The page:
I’m right at the tail end of marathon training and I really want to tell you that it is wonderful and I love it, but I’d be lying if I did. Until recently, this training cycle has been a real struggle for me. I am a creature of habit and my training showed it, which meant that my training runs became really, really boring. I often run in the same place and do the same workouts week after week, which was making it incredibly hard to get out the door.
I’ve found all kinds of articles about how to beat the post-marathon blues, but I haven’t found much about how to survive the actual training process, so I’d like to share some of the things that have worked for me over the last few weeks. I’ve gone from really dreading my long run every weekend to actually enjoying it. My easy/recovery runs have become one of my favorite runs of the week, and I’ve made some great new friends in the process.
Change the scenery.
This one was a BIG one for me. I live in a suburban area with plenty of wide sidewalks and paved trails to run. They all tend to run together though, particularly after running them over and over during the course of a training cycle. One of the best things I did was joining a running group that got me out of my neighborhood and into some new areas of town.
I recently did an 18-mile run at Amelia Island (home of ZOOMA Florida!) and the miles flew by. The last several miles, which are usually the ones I struggle most with, ran right along the beach. How can you be miserable when you get to run along the beach just after sunrise? You can’t!
Give yourself a break.
I used to beat myself up over missing training runs. After doing a lot of reading and talking with more experienced runners, I quickly found that sometimes it is better to miss a run than to head out for one that your heart isn’t in to. There are days that running is the last thing I want to do, so instead, I take my 5-year-old out for a bike ride to get ice cream or I head to the gym for an extra yoga class. I’m still doing something active, but it really helps get my mind in a better place so that I can enjoy my runs and not dread them.
Run with friends.
This has made a huge difference for me. I always thought I was a solo runner. I liked the idea of having some time to myself where I could get lost in my thoughts and just zone out. That was nice for a while, but I guess I’m not all that entertaining because I ended up bored! One of my friends convinced me to join her running group for a long run and after I did, I was hooked.
I was really worried about running with a group. What if I can’t talk and run? What if I can’t keep up? None of that mattered. When I was too out of breath to talk, I listened to the other conversations going on around me. When I struggled to keep up, they encouraged and motivated me to keep pushing. I’ve reached out to a few of my runner friends and found some running buddies through my local Moms Run This Town chapter, so these days it’s rare that I’m out there on my own.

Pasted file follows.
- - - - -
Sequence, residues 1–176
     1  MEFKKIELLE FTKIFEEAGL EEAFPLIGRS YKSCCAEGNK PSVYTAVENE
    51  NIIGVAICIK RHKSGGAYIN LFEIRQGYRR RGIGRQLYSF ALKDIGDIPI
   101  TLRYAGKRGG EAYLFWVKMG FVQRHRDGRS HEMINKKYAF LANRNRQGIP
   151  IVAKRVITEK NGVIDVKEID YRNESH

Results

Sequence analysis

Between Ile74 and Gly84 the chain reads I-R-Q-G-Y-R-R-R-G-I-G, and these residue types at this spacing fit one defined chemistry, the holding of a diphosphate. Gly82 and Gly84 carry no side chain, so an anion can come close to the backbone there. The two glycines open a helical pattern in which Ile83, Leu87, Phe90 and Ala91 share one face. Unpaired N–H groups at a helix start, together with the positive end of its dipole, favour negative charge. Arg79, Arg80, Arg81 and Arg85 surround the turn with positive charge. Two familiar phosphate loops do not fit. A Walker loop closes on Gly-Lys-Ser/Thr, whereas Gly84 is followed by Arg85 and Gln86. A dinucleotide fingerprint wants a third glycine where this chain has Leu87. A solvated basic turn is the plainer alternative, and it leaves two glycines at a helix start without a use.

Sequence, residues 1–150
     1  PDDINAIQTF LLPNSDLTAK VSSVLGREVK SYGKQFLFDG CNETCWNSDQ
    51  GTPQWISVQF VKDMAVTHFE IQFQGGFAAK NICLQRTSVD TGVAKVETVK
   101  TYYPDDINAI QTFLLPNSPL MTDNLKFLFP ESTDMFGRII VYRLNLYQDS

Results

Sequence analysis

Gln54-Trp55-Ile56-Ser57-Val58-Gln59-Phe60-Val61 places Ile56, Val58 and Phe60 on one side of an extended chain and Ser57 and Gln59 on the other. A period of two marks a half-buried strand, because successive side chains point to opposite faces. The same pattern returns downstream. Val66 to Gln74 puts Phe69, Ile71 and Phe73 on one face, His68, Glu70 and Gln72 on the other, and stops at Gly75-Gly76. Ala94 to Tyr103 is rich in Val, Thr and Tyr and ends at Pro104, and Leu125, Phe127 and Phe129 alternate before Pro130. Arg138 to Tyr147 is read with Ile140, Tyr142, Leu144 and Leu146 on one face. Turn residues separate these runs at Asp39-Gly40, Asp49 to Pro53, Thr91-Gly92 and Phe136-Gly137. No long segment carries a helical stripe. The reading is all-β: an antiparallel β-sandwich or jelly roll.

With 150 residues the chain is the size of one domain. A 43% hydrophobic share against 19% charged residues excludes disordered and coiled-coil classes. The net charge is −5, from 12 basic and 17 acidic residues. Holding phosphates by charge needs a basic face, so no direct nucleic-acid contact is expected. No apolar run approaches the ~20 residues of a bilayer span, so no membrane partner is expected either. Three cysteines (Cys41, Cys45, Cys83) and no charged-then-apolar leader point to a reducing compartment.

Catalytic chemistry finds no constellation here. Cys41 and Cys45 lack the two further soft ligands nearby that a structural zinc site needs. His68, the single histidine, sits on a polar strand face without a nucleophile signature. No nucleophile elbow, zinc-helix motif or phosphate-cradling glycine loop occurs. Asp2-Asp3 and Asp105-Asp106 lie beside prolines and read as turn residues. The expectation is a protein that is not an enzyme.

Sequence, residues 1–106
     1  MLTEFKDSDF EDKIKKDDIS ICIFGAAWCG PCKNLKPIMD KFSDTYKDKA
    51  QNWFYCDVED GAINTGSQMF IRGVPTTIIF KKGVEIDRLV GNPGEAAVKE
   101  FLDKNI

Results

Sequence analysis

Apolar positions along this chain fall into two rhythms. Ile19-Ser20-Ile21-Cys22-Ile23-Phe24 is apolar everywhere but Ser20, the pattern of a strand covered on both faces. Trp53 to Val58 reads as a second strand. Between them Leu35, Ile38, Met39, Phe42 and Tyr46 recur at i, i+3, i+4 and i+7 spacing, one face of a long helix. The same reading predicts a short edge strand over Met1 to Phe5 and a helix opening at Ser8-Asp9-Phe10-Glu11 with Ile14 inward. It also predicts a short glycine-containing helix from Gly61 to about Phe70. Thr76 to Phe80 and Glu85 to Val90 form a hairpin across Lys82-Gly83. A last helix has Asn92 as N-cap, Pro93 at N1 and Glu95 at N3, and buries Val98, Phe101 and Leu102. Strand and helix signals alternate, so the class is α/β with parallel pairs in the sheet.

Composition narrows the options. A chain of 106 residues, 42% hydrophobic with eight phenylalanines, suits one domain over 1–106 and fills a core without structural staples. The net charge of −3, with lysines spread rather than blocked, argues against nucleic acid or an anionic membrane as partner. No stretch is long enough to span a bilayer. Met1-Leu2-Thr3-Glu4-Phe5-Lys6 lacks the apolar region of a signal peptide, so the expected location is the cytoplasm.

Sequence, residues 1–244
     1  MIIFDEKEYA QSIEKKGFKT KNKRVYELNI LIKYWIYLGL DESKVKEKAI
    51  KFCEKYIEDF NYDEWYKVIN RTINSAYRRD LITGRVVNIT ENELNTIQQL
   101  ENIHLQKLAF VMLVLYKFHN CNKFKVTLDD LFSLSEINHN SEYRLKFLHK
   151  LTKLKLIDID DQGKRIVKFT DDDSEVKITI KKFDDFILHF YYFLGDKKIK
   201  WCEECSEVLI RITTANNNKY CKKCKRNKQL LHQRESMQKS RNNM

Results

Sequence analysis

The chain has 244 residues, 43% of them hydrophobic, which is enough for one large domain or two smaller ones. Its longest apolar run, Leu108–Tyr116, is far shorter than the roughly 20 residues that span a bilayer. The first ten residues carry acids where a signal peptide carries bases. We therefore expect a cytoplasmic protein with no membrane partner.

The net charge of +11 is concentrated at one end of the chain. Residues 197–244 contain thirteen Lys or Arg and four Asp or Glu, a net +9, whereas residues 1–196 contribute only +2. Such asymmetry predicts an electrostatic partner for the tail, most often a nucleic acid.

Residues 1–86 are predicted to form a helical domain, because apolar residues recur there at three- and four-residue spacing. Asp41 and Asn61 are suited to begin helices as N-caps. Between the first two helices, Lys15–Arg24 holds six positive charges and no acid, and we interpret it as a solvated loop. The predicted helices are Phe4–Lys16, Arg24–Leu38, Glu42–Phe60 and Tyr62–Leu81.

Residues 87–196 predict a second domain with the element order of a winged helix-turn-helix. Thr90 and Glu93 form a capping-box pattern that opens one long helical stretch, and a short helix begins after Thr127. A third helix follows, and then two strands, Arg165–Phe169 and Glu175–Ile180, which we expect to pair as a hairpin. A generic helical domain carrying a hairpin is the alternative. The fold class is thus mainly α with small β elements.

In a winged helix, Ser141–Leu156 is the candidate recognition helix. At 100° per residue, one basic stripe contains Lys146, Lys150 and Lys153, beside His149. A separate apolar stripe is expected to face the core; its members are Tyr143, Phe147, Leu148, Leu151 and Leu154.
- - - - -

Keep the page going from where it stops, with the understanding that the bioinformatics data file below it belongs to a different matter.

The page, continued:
Don’t stress so much about the numbers.
I’m so guilty of this. I look at my training plan and get overwhelmed. Then the self-doubt starts to creep in, “I’m supposed to run how many miles.. at what pace?” I have to keep reminding myself that while training plans are nice, they are not everything. Maybe I was up with a sick kid last night, so I’m tired and really struggling to hold my pace through a tempo run. Maybe my allergies are going crazy so I am having a hard time breathing and need to walk some. It is OKAY! You’re not going to DNF your race because you had a few rough runs.
Vary your workouts.
When I was training for my first half marathon, I got into a habit of doing three 5-milers around the same loop in my neighborhood and a long run on the weekend. At the time, it worked out well for me. I was still new to running and it made me more confident that I could finish 13.1 miles. Now, a year and several races later, doing that would make me crazy! I try to switch things up and keep it interesting. Right now, I have a love/hate relationship with Yasso 800s. I’ve never done speed work so it’s kind of fun.. in the “hurts so good” kind of way.
All of this really boils down to one thing — just make a change.
Do something different. For me, running was all about stepping outside of my comfort zone and doing something that I never thought I could do. I’ve found that to keep myself happy, I have to keep doing that over and over again. The really wonderful thing about running, for me at least, is I always have something to work toward, something to keep pushing myself to reach. I hope I’m able to keep pushing and keep reaching new running goals for years to come.
I originally wrote this “Beat the Training Blues” article for the ZOOMA blog in November 2013, as part of my ambassador duties with them. Since I’m starting a new marathon training cycle today, I wanted to go back and read it today to hopefully prevent the blues from creeping up on me during this training cycle. I wanted to share it with you all here, in case you missed it the first time around!